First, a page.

Bayer Leverkusen’s reconstruction under Heiko Herrlich, which took them from 12th in 2016/17 to fifth last season, relied heavily on the exploits of their latest academy prodigy. Kai Havertz is ready to take the final step from young German promise to absolute Bundesliga star at the BayArena.
Club: Bayer Leverkusen
Country: Germany (eight U-19 caps)
Shirt number: 29
Although Havertz boasts a 6’2” frame, he is quite technical and fast, achieving a top speed of 21.4 mph last season. Although his main role is generating plays for his teammates, his height is a decisive asset for the squad, as evidenced by his 188 aerial duels last season, 86 of them won. This makes him the third-most dominant player in the air in the Leverkusen squad only behind centre-backs Jonathan Tah and Sven Bender. When it comes to creating attacking moves, he boasts an 86,13% pass success rate which makes him the most reliable offensive player in the team. These numbers make it even clearer why he’s managed to rack up seven goals and 15 assists in 54 Bundesliga games.
Watch: Kai Havertz and Julian Brandt do the Fortnite chop.
Plays a bit like: Michael Ballack
Attacking midfielders, especially nowadays, tend to be shorter in stature. Havertz defies this convention with his flair and agility in a way reminiscent of Germany and Bundesliga legend Michael Ballack. The young Leverkusen starlet remains uncapped for his country, a matter that should solve itself sooner rather than later. Whether he can follow in the footsteps of one of Die Mannschaft’s most influential captains remains open, but the odds of a new towering genius pulling the strings in a Germany jersey in the near future are not bad at all.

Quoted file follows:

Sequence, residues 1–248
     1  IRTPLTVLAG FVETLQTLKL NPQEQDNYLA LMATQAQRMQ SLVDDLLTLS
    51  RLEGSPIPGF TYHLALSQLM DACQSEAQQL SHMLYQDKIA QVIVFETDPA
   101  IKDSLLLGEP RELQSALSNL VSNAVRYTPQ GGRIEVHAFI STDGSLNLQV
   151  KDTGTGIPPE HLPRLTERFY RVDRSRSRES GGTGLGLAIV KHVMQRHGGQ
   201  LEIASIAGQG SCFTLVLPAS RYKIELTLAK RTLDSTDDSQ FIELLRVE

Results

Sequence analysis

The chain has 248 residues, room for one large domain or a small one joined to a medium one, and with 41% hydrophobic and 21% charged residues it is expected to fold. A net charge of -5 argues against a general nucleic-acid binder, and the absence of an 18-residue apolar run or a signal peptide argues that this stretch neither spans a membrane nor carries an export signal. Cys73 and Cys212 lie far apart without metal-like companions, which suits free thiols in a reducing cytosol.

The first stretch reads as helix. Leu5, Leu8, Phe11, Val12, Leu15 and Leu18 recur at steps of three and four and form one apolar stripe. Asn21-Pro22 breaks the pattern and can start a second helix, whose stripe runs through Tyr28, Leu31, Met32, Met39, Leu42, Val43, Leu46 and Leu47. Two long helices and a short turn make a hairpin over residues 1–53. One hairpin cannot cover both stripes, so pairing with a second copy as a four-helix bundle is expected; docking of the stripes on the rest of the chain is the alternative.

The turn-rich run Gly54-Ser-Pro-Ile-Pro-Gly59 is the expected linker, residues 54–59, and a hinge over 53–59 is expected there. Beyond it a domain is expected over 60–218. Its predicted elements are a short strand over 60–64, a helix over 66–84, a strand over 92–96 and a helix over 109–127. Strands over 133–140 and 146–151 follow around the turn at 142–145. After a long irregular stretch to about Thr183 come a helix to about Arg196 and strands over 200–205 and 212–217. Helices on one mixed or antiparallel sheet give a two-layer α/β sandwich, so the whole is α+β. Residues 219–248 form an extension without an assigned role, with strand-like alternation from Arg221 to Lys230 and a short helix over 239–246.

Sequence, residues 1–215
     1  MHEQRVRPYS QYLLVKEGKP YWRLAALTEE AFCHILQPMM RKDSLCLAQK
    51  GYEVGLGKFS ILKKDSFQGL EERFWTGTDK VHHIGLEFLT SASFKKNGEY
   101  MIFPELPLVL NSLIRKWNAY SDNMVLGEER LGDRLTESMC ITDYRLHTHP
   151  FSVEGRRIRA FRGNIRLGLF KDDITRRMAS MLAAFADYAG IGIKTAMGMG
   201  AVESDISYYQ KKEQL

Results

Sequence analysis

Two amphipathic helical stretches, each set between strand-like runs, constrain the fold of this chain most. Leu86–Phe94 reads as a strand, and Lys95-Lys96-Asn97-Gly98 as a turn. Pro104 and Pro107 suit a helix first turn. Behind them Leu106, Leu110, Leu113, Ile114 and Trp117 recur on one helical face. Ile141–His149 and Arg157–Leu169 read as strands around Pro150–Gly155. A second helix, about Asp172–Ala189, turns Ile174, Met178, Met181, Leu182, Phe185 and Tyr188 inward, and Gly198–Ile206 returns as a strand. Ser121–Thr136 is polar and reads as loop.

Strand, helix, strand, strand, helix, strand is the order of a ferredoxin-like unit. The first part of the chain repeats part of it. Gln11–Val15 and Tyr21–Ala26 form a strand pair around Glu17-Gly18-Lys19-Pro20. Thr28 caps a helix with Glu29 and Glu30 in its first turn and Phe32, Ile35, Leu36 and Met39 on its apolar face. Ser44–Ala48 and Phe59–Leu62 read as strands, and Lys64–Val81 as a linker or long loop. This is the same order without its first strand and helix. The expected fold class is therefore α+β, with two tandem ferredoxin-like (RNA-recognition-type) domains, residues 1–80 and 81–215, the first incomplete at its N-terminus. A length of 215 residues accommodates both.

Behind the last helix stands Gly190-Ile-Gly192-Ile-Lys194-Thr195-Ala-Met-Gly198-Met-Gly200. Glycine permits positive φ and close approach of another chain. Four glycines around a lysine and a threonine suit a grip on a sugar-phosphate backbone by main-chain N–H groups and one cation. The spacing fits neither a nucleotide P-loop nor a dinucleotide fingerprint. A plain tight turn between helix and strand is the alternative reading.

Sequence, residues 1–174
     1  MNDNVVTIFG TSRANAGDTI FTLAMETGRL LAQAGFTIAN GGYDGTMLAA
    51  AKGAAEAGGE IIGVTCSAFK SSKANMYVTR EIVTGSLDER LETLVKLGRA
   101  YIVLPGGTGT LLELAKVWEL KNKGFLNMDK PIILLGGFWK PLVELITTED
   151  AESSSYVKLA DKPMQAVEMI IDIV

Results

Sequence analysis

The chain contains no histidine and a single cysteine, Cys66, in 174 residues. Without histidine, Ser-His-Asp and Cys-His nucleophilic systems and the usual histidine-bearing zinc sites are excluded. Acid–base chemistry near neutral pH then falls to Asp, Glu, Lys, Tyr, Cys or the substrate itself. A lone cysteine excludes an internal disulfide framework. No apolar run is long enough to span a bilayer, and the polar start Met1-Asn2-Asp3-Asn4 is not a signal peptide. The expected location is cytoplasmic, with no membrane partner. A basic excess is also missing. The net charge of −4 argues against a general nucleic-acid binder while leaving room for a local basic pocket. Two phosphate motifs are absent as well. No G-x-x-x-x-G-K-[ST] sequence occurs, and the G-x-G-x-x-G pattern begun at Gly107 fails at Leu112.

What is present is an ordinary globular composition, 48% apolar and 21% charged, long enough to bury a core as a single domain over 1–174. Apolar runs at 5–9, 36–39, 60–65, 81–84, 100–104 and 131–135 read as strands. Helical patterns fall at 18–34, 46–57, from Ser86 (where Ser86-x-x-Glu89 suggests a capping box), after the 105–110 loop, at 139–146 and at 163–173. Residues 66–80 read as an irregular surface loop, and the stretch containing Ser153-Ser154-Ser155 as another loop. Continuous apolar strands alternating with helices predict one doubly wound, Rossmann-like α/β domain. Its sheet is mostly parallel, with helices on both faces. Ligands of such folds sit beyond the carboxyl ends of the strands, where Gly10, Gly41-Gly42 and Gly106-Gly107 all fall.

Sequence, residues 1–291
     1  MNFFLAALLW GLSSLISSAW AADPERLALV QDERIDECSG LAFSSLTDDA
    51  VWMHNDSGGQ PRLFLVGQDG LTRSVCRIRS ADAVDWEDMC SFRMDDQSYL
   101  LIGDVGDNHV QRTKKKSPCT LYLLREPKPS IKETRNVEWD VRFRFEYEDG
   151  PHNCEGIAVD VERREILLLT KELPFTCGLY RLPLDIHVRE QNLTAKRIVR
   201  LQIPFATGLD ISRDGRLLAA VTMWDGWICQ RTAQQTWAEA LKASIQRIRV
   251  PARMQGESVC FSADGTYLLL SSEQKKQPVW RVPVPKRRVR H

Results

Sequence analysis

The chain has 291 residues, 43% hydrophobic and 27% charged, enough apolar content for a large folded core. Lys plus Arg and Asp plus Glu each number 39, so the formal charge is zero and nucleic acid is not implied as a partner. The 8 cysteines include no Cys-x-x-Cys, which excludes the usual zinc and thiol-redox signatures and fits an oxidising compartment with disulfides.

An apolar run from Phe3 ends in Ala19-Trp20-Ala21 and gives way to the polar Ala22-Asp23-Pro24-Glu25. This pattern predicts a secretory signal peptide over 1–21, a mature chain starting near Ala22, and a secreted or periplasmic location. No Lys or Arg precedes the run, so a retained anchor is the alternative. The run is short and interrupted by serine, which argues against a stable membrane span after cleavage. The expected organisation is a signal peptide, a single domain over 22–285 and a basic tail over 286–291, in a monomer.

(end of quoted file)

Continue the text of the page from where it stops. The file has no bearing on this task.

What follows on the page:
Did you know?
Havertz became Leverkusen’s youngest player ever upon his debut on Matchday 7 of the 2016/17 season against Werder Bremen. Aged 17, the young midfielder’s average week throughout the campaign involved playing professional football at the most elite level on Saturday or Sunday and going back to school on Monday. Towards the tail end of the season, he was forced to miss a UEFA Champions League match against Atletico Madrid and a Bundesliga clash against Schalke in order to complete his exams. Havertz went into that summer with his high school diploma, the Player of the Season award from the Leverkusen fans and a cornerstone role at Die Werkself under his arm.
What they're saying
"I've always been brought up to keep my feet on the ground. I learned from my parents that arrogance and snootiness are not desirable qualities. Why should a footballer be any different to anybody else? We're normal guys, just like most people. Besides, I haven't achieved anything yet. Football is about winning titles, and I haven't done that since turning pro." - Havertz
"What he brings to the pitch in terms of playmaking, technique and mentality is tremendous. He’s so talented and has the right stuff to become a world star. He will make his own path." - Leverkusen midfielder Julian Brandt